Most fans recognize the name Narsil as the sword Isildur used to unlimber Sauron’s fingers and thus take the One Ring from him. But with The Lord of the Rings: The Rings of Power centering around the events of that period and depicting them in earnest, a lot of Tolkienists are now patiently waiting to see Narsil in the hands of Elendil, who will go on to become the first king of Gondor and Arnor.
The show has already introduced Elendil (Lloyd Owen) and his son Isildur (Maxim Baldry) after all, so it should only be a matter of time until the former somehow comes to inherit the legendary Narsil, which in Quenya means “red and white flame.”
Amusingly enough, we may have glimpsed the sword in the fourth and latest episode, when Miriel took Galadriel into a room that exhibited numerous Númenórean heirlooms. The daughter of Finarfin regards a sword for a brief moment, casually leaning on the wall as if it’s nothing out of the ordinary for the Númenóreans. But fans of Peter Jackson’s Lord of the Rings trilogy would recognize that hilt and crossguard anywhere.
Now, you may be wondering how the island kingdom came to possess the weapon in the first place and where it came from. After all, this is Sauron’s ultimate bane at the end of the Second Age, and he fears its very existence well into the War of the Ring when Aragorn picks it up again. Despite its legendary renown, though, Narsil had humble beginnings, at least compared to its destined importance.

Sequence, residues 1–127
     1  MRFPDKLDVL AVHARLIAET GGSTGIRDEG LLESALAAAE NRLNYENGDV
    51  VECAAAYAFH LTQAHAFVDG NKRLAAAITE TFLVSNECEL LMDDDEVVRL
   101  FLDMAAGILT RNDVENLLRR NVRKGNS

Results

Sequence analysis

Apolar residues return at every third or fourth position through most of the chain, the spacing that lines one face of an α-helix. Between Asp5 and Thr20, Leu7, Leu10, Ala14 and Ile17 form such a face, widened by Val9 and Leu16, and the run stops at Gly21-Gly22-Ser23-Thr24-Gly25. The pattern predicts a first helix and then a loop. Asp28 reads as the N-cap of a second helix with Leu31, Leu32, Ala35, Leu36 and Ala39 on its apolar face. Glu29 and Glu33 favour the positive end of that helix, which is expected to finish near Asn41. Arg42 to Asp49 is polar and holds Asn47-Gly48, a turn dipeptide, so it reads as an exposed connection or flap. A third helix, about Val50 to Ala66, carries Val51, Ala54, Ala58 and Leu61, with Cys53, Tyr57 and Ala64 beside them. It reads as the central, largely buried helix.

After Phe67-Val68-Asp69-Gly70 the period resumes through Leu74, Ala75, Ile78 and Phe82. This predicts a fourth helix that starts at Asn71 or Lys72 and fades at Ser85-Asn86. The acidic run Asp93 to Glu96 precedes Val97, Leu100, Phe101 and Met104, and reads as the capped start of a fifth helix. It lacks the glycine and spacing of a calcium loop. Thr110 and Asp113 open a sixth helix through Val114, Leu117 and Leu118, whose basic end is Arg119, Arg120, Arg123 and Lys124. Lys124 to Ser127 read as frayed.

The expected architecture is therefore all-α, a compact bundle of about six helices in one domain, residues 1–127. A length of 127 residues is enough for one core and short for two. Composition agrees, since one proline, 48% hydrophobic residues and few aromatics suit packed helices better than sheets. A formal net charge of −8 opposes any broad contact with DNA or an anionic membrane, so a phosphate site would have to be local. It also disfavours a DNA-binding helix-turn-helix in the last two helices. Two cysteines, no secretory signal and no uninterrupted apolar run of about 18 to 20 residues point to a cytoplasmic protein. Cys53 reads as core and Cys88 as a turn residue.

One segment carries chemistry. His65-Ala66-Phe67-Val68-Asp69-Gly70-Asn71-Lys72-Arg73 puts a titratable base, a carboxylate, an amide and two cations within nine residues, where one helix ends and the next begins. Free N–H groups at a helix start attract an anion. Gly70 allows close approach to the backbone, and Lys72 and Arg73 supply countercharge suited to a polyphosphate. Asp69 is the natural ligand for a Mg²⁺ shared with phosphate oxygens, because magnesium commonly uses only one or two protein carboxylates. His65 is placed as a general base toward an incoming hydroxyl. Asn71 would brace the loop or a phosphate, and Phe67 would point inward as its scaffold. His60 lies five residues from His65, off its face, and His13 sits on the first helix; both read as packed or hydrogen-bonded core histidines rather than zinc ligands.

Tolkien never made clear when the sword was made, but we know that it was Telchar — one of the greatest Dwarven smiths in the history of Middle-earth — that first gave it its name. Of what became of Narsil after it was forged, not much is known, other than that it came to the House of Elros at some point in the Second Age and was passed down among Númenóreans for generations.
Through means left mysterious — yet almost certainly to be depicted in The Rings of Power — Elendil came to inherit the sword and use it during the Battle of Dagorlad and the Siege of Barad-dûr, Sauron’s fortress in Mordor. When the Dark Lord himself joined the battle, he killed Elendil and broke the sword in two under his foot. Isildur, Elendil’s son, picked up the shard and sliced Sauron’s fingers off, destroying the Dark Lord’s physical body and relieving him of the One Ring, the source of his strength.
The line of kings guarded the shards of Narsil as an heirloom, and when Aragorn came of age in the year 2951 TA, Elrond gave him the hilt. Later, before undertaking the journey of a lifetime as part of the Fellowship, the Elven smiths of Imladris forged the sword again and renamed it Andúril, “flame of the west.” And Aragorn, for his part, used the sword to fight the armies of the Shadow to the very Black Gates of Mordor.